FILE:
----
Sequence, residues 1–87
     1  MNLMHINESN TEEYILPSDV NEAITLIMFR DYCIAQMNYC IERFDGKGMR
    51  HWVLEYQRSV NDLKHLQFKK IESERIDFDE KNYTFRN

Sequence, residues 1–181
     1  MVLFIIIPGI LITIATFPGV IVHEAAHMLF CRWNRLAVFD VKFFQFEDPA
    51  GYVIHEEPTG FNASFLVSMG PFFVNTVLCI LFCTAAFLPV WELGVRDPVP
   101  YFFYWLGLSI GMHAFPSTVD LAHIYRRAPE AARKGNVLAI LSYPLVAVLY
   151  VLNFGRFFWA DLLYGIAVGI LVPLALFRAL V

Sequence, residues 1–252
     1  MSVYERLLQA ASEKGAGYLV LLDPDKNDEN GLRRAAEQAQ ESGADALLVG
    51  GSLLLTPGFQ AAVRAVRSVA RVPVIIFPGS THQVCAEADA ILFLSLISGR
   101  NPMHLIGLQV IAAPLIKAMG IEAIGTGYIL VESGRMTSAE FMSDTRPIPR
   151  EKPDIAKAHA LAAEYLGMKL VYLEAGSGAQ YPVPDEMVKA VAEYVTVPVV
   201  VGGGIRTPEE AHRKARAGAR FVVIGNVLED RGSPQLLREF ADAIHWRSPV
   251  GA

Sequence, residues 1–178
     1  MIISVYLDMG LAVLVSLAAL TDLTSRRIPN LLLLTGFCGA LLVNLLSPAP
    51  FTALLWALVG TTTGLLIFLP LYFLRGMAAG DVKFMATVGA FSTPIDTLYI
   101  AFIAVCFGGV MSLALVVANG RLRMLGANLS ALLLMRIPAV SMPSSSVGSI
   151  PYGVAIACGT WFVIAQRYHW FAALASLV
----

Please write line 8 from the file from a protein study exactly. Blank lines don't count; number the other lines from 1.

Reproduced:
   151  VLNFGRFFWA DLLYGIAVGI LVPLALFRAL V